Government Continues To Search Virtual Worlds For Terrorists

from the anyone-look-on-America's-Army? dept

A few weeks back, we pointed to a ridiculous report from the federal government's Intelligence Advanced Research Projects Activity, claiming that places like Second Life could be breeding grounds for terrorists. Why Second Life as opposed to any standard web chat room? That's not at all clear. Salon has gone through and thoroughly debunked the notion that terrorists are likely to use Second Life, noting that the so-called "experts" who made the claims clearly had never used Second Life. Yet, don't think that means the government won't keep up its fear-mongering over the issue. Wired is reporting that the U.S. intelligence community is working on software to detect terrorists infiltrating World of Warcraft. Initially, the program will focus on just profiling the behavior of people in such virtual worlds, but down the road they hope that it will automatically identify those likely to be terrorists. I wonder if they'll use similar programs in the Army's own America's Army online video game?
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Filed Under: second life, terrorism, virtual worlds, world of warcraft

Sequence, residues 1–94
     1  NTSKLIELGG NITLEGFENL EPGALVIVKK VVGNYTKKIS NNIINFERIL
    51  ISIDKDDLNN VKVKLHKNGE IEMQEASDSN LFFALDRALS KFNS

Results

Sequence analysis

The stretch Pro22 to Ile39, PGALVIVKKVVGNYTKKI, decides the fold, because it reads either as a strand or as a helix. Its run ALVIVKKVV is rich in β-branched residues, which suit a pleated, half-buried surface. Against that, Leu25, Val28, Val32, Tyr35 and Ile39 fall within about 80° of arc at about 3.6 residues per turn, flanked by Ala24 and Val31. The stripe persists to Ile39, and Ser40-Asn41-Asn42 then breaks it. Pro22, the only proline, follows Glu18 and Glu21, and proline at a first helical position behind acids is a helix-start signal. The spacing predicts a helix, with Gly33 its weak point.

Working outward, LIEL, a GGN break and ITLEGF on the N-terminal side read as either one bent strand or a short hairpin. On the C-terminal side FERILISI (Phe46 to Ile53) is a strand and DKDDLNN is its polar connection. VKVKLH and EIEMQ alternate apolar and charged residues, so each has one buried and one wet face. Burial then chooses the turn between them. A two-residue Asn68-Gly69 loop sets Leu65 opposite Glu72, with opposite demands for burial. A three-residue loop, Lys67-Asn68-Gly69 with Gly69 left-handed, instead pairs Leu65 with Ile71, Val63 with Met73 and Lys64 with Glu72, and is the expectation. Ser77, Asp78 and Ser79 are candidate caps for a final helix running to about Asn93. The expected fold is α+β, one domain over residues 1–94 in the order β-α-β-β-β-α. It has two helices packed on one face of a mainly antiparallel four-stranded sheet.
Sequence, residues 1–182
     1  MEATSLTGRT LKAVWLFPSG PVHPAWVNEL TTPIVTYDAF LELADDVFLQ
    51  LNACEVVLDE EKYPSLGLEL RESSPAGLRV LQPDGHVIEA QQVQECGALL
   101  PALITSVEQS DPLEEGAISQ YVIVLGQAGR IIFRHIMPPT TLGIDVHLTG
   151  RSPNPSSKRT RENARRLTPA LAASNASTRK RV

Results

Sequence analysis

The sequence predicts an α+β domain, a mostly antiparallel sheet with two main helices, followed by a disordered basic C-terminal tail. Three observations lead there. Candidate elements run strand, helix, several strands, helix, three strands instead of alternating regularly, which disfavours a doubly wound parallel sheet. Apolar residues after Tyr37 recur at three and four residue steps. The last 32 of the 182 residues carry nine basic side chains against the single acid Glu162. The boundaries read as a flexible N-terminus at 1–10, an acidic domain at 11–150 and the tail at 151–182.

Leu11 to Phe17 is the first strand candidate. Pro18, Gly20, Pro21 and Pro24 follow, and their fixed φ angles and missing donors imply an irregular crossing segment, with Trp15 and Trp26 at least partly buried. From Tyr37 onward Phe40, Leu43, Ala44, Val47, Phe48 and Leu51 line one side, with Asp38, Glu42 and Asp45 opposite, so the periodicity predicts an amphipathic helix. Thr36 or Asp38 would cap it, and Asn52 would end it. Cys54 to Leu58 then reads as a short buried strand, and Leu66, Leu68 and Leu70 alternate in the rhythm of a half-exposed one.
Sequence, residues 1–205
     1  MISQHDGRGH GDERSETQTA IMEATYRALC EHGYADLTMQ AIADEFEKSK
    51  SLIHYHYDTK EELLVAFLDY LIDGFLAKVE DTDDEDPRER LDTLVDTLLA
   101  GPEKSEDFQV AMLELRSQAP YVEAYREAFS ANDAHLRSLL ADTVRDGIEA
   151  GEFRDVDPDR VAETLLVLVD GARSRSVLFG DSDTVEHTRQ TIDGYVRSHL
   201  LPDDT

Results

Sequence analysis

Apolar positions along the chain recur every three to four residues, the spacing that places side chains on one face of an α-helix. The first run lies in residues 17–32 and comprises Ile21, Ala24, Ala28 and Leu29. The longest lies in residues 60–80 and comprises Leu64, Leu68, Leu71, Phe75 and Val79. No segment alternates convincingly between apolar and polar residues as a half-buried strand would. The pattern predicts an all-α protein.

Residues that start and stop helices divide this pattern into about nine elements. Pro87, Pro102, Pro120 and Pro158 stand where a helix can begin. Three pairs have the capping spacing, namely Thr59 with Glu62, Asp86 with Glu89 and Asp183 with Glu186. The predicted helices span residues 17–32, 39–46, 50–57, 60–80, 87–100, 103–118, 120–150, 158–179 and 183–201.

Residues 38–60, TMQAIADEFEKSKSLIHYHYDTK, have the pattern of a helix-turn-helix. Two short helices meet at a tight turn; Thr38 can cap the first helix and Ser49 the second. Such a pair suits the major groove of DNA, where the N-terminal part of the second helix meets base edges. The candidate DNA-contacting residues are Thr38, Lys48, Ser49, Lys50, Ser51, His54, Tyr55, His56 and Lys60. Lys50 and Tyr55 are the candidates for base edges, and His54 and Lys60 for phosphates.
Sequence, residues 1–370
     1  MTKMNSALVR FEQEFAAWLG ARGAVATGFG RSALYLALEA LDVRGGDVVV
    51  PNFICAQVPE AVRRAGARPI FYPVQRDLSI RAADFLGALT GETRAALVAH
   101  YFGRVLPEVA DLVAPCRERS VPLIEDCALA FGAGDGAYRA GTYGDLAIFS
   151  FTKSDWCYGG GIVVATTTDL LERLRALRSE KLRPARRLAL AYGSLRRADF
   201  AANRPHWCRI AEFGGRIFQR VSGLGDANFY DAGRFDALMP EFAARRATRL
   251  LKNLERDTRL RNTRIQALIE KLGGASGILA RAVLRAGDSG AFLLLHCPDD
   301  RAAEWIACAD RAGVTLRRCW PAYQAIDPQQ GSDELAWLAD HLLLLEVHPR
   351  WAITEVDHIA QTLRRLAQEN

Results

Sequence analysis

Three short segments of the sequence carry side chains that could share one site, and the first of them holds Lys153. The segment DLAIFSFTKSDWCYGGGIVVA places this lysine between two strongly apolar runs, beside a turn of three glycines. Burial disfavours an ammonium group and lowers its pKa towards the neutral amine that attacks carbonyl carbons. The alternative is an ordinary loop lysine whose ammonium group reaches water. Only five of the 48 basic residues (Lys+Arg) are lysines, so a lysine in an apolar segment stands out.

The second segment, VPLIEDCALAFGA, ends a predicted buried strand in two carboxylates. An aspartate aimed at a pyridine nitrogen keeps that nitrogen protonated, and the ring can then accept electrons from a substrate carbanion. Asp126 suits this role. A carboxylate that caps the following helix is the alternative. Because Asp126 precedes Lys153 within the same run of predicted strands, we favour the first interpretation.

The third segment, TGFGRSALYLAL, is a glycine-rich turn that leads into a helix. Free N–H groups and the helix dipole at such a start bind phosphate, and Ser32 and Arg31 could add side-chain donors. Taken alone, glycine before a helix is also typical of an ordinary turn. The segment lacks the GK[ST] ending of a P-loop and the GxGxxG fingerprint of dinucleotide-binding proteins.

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  1. icon
    chris (profile), 26 Feb 2008 @ 2:19pm

    Re: This is bogus, but they already know that...

    that's funny. speaking of false positives in virtual worlds:

    when i played tribes (an old team based FPS) many years ago, i would plant plastic explosives on turrets, force fields, and the like to punch a hole in the enemy's defenses. since the turrets often killed you while you were planting your bombs, we would call it suicide bombing. the code word in team chat for a suicide bombing was "jihad". as in, "hey chris, we need a jihad on the tower base". the renegades mod even had a special "suicide det pack" that blew up if you were killed or committed suicide. suicide bombing is very effective when your bombers can respawn almost instantly.

    moving on to asheron's call (an old MMO), i used to play a special kind of mage that didn't use war magic (the only form of truly offensive magic) and instead used hit point drains and attacks that hurt you as well as your opponent called "hecatombs". the nickname for this character template was "the martyr mage".

    the strategy was simple: start at full health, use a hecatomb to hurt your opponent (which hurt you too, but hurts them more), use a drain to recover the damage you just took (hurting them more, and healing you), then fire a hecatomb again. if they were still alive their health was probably too low to drain effectively, so you cast a heal spell to recover more health and threw another hecatomb to finish them off.

    war magic was the most expensive skill in the game. having a mage with a bunch of extra skill points meant you could have really high skills in stuff that mages usually didn't have, like defenses.

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